Our role is to work with the University of Utah FSAE club to design a powertrain for their electric vehicle competition in the 2022-2023 academic year. The FSAE team currently is using a single motor drivetrain, which does not have torque vectoring capabilities which can increase speed. We will increase the performance of the drivetrain through the use of two electric motors with their associated controllers and necessary program logic. We are to work within competition rules, optimize vehicle performance for scoring events, and develop an efficiently running powertrain. We will need to operate within the team budget, working with current club members and advisors to ensure a reliable, fast, and efficient power system.

Team: Jon Chua, Will Graham (lead), Jeff Gubler, Luke McDivitt, Karianne Moe, Zach Orton, Dan Strum
Advisor: Dr. Ken d’Entremont, Dr. Sam Drake


Redesign of central hub and valves used in aerobic fitness testing to increase flow efficiency and user comfort during test.

Team: Jess Anstee, Parmit Chalise, Sarah Roberts (lead), Libbie Sudweeks, Cameron Williams
Faculty Advisor: Dr. Marc Calaf


We are working to reduce the weight and optimize the function of a telemark ski boot for backcountry and skimo racking applications.

Team: Ryan Beyer, Andrew Snyder, Jackson Willen (lead)
Advisor: Dr. Marc Calaf


In the United States alone, data centers use between three and five million gallons of water per day and require over 100 megawatts of power. Around 43% of that power contributes to cooling systems. Reducing both the water and power consumption of data centers is critical to keep up with public and private demand for data centers. To accomplish this, a passively-adjusting heat exchanger will be designed that relies on refrigerant changing phase inside a closed system to cool servers instead of the standard Computer Room Air Conditioner (CRAC) and cooling towers that are currently used.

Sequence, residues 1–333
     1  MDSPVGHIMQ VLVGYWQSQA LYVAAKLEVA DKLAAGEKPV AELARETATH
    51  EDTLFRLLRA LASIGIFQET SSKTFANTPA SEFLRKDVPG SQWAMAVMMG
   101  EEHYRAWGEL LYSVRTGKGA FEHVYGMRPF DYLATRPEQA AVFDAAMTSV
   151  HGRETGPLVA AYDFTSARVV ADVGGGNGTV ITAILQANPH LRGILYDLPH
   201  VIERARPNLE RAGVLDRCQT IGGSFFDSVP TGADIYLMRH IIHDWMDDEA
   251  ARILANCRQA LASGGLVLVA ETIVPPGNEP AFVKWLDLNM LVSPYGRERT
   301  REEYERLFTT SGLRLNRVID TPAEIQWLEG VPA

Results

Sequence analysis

Team: PJ Dowling, Kenny Ho, Thomas Jimenez, Jeff Perry, Samantha Simonich (lead), Peter Timmerick

Advisor: Dr. Kent Udell


The goal of this project is to redesign the thermo-fluid energy system for a new vacuum cold trap used in the distillation of natural oils. The current design is sub-optimal leading to long processing times and equipment failure due to uncaptured vaporized oil. Proposed improvements include increased vapor condensation to reduce pump failures, internal sensing for early fault detection, improved manufacturability, reduced assembly and cleaning time, and reduced cycle time.

Team: Ben Andrus, Jordan Lewis, Levi Marland (lead), Landon Myers
Advisor: Dr. Jacob Hochhalter
Sponsor: Soma Oil


Smart Trainer aims to assist physical therapy (PT) patients, gym goers, and athletes in performing exercises and minimize common injuries that arise from incorrect exercise form. By developing a reliable, safe, and inexpensive devices coupled with a mobile application that utilizes computer vision and sensors to give real-time haptic feedback. This will allow people to not only perform workouts safely, but also exercise from the comfort of their own home without the need for assistance.

Team: Tyler Bartunek, Ja-Rey Corcuera, Benjamin Hugo (lead), Gonzalo Tello
Advisor: Dr. Haohan Zhang

The goal is to create a single therapy, low cost, chemotherapy infusion pump. These pumps will be more affordable to anyone with cancer who qualify for ambulatory treatment.

Team: Joe Hudspeth, Mina Matta, Hannah Gracie O’Neill (lead), Jacob Scutt
Advisor: Dr. Mark Fehlberg